Further reading: Preliminary Medicine vs Transitional Year Internships
How important is research?
You’re probably wondering if your lack of research will preclude your success in the match. While research can “make” your application, its absence is unlikely to break it. Except at a handful of specific high-powered research-centric programs, research isn’t a prerequisite for all program directors. Even some “top” programs have gone as far as to say things like, “We don’t care if you do research or not. We care about you being a leader in the field,” and other statements of the sort. That said, research never hurts. And in some (rare) programs it is an absolute requirement. The stratification goes something like this:
research with publications >> “real” research with posters or nothing > a case report done the summer of fourth year when you realize you don’t have any research and panic ≥ nothing.
So not having research in radiology or an MD/PhD will not prevent you from getting an interview/job in the broad sense. If you happen to have a long-standing interest in radiology, by all means do some radiology research. Clinical diagnostic radiology research is generally flexible and approachable time-wise as a medical student. Ask the program director or medical student coordinator at your home institution if they know anyone who needs help with a project (especially a poster, which would probably net you a free trip for literally formatting together a single big Powerpoint slide). Research in other fields counts just fine, of course. Programs know that many students may not have been exposed to radiology early enough to do radiology research. Note that if you mention research in your application, you will be discussing it come interview day.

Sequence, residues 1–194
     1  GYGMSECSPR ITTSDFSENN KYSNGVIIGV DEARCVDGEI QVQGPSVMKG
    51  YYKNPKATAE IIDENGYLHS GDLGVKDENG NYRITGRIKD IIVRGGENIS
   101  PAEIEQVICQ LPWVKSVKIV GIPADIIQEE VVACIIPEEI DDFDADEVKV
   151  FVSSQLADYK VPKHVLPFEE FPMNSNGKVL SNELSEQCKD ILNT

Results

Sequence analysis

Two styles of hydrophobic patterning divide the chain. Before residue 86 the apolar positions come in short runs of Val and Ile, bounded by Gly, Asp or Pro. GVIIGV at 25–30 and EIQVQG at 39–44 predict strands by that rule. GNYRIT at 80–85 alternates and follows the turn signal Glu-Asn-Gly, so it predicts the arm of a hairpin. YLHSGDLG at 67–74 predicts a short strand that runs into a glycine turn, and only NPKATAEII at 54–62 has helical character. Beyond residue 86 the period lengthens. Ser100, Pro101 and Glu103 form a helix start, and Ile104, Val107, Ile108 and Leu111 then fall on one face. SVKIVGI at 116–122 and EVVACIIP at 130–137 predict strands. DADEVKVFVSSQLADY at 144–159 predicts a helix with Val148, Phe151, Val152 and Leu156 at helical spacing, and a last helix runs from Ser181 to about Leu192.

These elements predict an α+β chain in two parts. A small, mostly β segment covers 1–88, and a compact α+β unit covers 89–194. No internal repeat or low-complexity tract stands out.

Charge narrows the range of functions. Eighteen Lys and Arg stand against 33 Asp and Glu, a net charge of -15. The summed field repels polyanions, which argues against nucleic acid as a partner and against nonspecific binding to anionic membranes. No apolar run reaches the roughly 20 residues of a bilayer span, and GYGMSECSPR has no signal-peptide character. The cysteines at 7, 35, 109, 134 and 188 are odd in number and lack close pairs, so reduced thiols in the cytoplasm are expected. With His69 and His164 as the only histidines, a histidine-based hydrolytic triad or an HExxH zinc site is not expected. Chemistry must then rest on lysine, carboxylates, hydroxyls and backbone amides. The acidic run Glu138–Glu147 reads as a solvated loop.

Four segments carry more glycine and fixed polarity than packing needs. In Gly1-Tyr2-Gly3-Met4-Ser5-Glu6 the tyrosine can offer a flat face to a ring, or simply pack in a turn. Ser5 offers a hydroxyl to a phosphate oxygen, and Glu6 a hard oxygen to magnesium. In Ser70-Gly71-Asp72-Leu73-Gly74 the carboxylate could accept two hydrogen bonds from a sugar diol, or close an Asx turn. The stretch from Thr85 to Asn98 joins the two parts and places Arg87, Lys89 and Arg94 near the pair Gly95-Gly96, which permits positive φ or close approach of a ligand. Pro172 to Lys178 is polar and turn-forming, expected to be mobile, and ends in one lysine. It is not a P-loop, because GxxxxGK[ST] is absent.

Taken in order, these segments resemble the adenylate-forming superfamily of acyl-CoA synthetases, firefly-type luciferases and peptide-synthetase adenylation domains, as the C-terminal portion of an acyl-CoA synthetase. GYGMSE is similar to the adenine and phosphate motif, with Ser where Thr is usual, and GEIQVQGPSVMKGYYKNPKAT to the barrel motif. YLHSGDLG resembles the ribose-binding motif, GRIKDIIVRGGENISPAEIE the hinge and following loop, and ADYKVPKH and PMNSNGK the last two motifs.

This bit of advice doesn’t translate quite as well into certain surgical fields and dermatology, by the way, which do tend to be a bit more fanatical when it comes to paying your research dues.
The bottom line
Generalizations are dangerous and opinions should not be construed as prescriptive, but reasonable advice can be difficult to find, especially from the internet. Some other resources for applying to radiology, which are a bit intimidating, include the very thorough AMSER guide and this discussion from UT Houston. Again, a relatively inclusive collection of my all-encompassing thoughts on fourth year can be found here.
Best of luck in the match.
You might also be interested in learning radiology for medical students. Then, when you get a book fund to spend, here is my recommended reading for first year radiology residents.